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Fister should give Sox' bats chances -- and a chance to gain stronghold on series

Posted by David D'Onofrio  October 16, 2013 10:30 AM

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The Red Sox' struggle to hit the Tigers' terrific pitching has been readily apparent to anyone who has seen any part of the American League Championship Series -- aside from the eighth and ninth innings Sunday night, of course. And when considering these first three games as an aggregate, rather than in-the-moment eyeball tests, the facts are all the more alarming.

Boston is 12-for-90, with a .133 batting average, a .228 on-base percentage, and a .222 slugging percentage. It has six hits and 35 strikeouts in 21 innings against Detroit's starting pitchers, 12 hits and 43 strikeouts overall. Every hitter who's started two games has struck out at least three times, and the two who started just once have each struck out twice. Jonny Gomes is tied with Dustin Pedroia for the team lead in hits, with two, and neither of those has left the infield.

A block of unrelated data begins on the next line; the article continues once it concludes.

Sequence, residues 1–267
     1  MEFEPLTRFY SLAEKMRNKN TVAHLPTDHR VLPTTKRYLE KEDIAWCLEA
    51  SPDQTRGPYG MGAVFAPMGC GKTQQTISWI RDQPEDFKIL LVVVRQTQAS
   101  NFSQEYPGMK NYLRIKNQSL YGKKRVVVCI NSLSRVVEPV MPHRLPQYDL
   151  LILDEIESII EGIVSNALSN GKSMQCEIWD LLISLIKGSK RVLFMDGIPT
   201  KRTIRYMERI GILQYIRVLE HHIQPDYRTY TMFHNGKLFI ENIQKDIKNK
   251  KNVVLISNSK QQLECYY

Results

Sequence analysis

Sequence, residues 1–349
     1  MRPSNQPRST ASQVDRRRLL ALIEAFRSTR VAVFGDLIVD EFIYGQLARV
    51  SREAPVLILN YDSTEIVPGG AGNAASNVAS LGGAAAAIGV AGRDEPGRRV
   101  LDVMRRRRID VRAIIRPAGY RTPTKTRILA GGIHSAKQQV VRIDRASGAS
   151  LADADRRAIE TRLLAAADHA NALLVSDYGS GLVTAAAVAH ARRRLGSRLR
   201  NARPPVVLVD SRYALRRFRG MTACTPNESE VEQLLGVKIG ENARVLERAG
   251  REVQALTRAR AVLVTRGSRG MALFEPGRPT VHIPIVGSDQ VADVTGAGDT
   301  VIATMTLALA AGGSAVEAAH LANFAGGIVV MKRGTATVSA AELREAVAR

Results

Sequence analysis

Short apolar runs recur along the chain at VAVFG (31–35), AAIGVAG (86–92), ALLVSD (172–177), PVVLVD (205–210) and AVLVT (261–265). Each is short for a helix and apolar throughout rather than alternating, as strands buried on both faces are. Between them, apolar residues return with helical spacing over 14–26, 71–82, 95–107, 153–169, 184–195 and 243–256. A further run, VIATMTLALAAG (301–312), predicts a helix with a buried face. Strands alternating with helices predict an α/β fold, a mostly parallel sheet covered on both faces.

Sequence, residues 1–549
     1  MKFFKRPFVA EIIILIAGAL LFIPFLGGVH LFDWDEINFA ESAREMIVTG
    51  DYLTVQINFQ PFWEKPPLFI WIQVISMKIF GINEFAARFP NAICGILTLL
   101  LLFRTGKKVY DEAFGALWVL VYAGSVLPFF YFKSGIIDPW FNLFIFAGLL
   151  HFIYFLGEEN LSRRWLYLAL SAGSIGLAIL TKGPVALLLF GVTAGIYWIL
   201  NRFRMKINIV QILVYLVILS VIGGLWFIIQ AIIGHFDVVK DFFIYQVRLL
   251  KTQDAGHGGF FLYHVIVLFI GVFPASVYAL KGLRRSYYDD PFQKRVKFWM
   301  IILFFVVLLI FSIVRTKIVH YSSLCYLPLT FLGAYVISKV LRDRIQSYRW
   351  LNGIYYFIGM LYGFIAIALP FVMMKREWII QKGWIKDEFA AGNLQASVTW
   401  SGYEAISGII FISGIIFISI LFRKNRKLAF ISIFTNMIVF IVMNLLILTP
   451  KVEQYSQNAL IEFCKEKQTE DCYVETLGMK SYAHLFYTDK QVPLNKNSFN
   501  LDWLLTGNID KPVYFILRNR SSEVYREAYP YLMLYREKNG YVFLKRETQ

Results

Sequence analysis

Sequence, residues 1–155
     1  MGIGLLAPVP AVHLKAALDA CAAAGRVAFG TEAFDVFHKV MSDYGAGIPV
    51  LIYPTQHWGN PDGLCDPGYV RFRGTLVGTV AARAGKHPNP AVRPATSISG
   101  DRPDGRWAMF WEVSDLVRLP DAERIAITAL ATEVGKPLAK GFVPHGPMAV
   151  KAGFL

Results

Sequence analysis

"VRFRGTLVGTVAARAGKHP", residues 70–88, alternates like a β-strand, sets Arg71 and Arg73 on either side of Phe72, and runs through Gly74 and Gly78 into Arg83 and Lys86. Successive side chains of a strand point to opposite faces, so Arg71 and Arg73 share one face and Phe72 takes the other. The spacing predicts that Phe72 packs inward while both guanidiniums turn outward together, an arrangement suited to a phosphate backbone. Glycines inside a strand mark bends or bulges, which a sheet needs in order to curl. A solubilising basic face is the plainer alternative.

Through 27 innings, Boston has scored runs in only four frames. It has a hit in only eight frames. It has put the leadoff man aboard only thrice. It has been retired in order 11 times. It has had only 15 at-bats with runners in scoring position, which is two fewer than it had after one Division Series game against Tampa Bay. And, thus, third base coach Brian Butterfield has been forced to make just two decisions, both in Game 2: wave home Shane Victorino in the sixth, hold Will Middlebrooks in the eighth.

So what might be the most remarkable fact of them all is that the Red Sox somehow hold a 2-1 lead in this best-of-seven battle for the pennant. But it all just underscores the importance of taking advantage of the opportunity coming their way in Wednesday night's Game 4.

Because although the Sox have survived a brilliant barrage from three of the AL's premier pitchers, if they can't beat Detroit's Doug Fister, they'll again be looking at the succession of Anibal Sanchez, Max Scherzer, and Justin Verlander -- knowing they'll need to win two of three against those star righties again in order to earn their place in the World Series.